then you can have only one SELECT clause in your SQL
query. This means that a report SQL statement with Pass 1,
Pass 2, Pass 3..., as can be found in many MicroStrategy
Tutorial reports, cannot yield the desired report, unless you
modify the query using derived tables or common table
expressions. Please check the database that you use to ensure
that derived tables or common table expressions or both are
supported.


Freeform SQL reports vs. standard reports
You can create Freeform SQL reports using your own SQL
queries against a data warehouse, or from an Excel file, or a
flat file (information on how to create these reports is
provided later in this chapter). Although Freeform SQL
reports can only be created on Desktop, once created, they
can be executed from both Desktop and the Web like any
other standard reports. Functions that apply to the execution
and manipulation of standard reports also apply to Freeform
SQL reports, including the following
• formatting
• exporting
• thresholds
• graphing
• Narrowcast Server subscriptions and report execution
• object security
• OLAP services
• prioritization
• Report Services documents
• scheduling
• subtotals
• Web report execution
However, the following features do not apply to Freeform
SQL reports:
• custom group
• consolidation
• transformation
• filter
• save as template/filter
• report as filter
• data marting


Filters
A filter specifies the conditions that the data must meet to be
included in the report results. For information on Filters in
general, please refer to Chapter 5, Filters, in this guide.
You cannot use existing filters in a Freeform SQL report;
however, you can still do filtering by including a Where
clause in the SQL statement. You can even embed prompt
objects in the Where clause, if needed. For example,
where Year_ID=[Year_prompt]
 Only two kinds of prompts can be used: value prompts
and element list prompts. For more information,
please refer to the Prompts subsection in this chapter.
In addition, you can use the view filter functionality for
Freeform SQL reports in the same way as for regular reports.


Prompts
A prompt is a MicroStrategy object that allows user
interaction at report run time. For general information on
prompts, please refer to Chapter 9, Prompts, in this guide.
For Freeform SQL reports, only two types of prompts are
supported—value prompts and element list prompts. To add
prompts, you can select from the two options on the Edit
menu in the Freeform SQL Editor:

• Add New Prompt: launches the Prompt Wizard that
allows you to create a new value prompt or an element list
prompt.
Note the following:
– Only project attributes can be used to create prompts
in Freeform SQL reports.
– Any prompt created this way is saved as a normal
object in the metadata.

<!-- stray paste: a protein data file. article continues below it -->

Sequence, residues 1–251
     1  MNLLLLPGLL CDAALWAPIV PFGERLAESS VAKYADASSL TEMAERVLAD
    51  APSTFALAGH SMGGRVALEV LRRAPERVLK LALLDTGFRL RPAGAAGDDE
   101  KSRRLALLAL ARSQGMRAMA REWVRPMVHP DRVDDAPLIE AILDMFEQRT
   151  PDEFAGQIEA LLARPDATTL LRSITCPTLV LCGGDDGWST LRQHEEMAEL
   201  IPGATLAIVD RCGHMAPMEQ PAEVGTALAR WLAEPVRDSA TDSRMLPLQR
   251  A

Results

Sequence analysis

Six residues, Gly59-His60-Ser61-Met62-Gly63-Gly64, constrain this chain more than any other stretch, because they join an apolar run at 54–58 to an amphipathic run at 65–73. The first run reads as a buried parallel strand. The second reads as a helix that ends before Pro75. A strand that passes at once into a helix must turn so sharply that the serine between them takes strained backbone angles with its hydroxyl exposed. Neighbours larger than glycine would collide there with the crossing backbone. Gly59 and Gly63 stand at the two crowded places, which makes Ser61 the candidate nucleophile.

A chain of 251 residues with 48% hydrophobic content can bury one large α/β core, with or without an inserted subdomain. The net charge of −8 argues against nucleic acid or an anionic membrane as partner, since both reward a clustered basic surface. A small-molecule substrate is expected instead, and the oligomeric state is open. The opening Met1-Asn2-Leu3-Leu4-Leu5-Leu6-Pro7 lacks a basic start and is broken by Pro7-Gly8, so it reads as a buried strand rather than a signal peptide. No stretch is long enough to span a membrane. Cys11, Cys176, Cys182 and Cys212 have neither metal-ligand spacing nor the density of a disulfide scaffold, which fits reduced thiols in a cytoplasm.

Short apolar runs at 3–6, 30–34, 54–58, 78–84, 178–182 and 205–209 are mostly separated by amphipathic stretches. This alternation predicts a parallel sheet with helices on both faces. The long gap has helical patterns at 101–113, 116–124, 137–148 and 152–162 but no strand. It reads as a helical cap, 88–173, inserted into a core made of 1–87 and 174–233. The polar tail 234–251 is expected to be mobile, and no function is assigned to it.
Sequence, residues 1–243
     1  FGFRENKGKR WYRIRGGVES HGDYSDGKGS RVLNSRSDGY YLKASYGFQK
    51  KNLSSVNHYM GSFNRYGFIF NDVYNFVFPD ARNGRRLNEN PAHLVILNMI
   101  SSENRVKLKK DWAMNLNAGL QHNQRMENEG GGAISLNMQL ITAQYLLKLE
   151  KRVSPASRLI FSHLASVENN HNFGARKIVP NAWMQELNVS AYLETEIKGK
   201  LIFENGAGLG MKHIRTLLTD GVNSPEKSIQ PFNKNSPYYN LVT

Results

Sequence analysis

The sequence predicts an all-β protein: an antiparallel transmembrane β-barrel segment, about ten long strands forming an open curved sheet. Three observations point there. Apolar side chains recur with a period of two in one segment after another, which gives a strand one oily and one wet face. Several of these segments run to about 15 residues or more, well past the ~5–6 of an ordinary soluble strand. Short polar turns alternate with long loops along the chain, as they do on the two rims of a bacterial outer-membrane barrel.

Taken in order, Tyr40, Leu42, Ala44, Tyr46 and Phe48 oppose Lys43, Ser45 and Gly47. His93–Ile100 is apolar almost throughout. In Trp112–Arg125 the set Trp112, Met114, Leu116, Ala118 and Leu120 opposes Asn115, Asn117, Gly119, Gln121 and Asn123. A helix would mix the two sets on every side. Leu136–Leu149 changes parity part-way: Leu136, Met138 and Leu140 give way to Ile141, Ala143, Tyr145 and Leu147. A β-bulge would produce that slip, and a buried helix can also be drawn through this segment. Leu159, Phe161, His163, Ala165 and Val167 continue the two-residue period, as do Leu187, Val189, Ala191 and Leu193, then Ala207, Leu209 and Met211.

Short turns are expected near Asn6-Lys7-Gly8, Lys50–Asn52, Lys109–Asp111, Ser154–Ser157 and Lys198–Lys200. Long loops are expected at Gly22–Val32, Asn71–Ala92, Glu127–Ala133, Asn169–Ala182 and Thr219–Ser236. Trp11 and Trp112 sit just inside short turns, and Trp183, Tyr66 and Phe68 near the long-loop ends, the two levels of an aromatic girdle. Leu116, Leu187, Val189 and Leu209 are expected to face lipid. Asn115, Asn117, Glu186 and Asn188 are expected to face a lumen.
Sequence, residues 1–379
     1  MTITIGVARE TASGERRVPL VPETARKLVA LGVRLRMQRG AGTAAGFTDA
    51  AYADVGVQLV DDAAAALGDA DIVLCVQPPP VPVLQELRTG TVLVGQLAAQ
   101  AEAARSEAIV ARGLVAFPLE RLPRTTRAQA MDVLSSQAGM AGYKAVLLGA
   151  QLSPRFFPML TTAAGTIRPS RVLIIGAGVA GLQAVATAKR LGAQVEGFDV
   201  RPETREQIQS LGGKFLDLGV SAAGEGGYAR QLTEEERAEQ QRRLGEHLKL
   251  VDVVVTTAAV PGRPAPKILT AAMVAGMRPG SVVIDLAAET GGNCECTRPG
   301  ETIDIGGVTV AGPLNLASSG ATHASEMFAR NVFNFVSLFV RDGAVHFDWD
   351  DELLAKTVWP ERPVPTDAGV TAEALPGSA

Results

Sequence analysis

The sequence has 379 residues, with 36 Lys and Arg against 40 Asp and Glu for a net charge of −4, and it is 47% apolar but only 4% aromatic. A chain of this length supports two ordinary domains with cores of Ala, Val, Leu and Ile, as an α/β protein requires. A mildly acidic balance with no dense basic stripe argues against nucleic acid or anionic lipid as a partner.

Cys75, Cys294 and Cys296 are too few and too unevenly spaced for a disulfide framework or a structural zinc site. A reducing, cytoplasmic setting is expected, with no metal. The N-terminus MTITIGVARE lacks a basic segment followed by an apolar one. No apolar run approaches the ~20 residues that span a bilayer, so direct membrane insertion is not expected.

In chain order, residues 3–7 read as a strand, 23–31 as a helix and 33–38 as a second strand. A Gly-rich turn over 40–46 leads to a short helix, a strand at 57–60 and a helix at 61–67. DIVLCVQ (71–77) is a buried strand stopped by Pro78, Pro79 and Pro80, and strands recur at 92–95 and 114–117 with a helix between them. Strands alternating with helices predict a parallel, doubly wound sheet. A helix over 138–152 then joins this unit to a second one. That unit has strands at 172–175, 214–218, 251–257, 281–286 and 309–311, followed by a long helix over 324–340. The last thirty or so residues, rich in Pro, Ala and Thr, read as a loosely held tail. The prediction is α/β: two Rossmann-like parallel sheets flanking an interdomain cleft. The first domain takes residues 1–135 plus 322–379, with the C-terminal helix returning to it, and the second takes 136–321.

• Insert Prompt: displays the Open dialog box where you
can select an existing prompt that you have previously
created in the project, either a value prompt or an element
list prompt.
You cannot type the name of an existing prompt
directly into the SQL statement.
Once you exit the Prompt Wizard or the Open dialog box, the
prompt is inserted automatically into the SQL statement at
the current cursor position. If an area in the SQL statement is
highlighted, it is replaced by the prompt name. Prompt
objects appear in the SQL statement in pink and are enclosed
in brackets ([ ] ) if the name of the prompt contains any
space, for example, where Year_ID = Year_prompt and
where Year_ID = [Year prompt].



Drilling
Drilling allows you to look at specific data at levels other than
what is originally displayed on the grid or graph. For regular
reports, you can drill in different directions, such as down,
up, or across attributes, based on the system-generated drill
maps or custom drill maps. For Freeform SQL reports,
support for drilling is limited to only attributes within the
Intelligent Cube.
 This functionality is controlled by the “Drill with
Intelligent Cube” privilege.
For example, a report has the Year and Quarter attributes.
When you move Quarter off the report and into the Object
Browser, you can only drill down from Year to Quarter on the
report. However, if both attributes are placed on the report,
you cannot drill from either one of them.
 If you move Year off the report and into the Object
Browser, you cannot drill up from Quarter to Year on
the report.


Managed objects
A managed object is just like a normal object except that it is
managed by the system and is stored in a special system
folder. When you create a Freeform SQL report, you can use
existing attributes (including project attributes) to map the
columns in the SQL statement in the Freeform SQL Editor.
Alternatively, you can create new attributes, attribute forms,
and metrics on the fly to which to map the columns in the
SQL statement; these new objects are managed objects.
You can find out whether the object (attribute or metric) is a
managed object or not by using the Properties dialog box. If it
is a managed object, the Location field on the General tab
indicates “Managed by the system” (see the graphic below).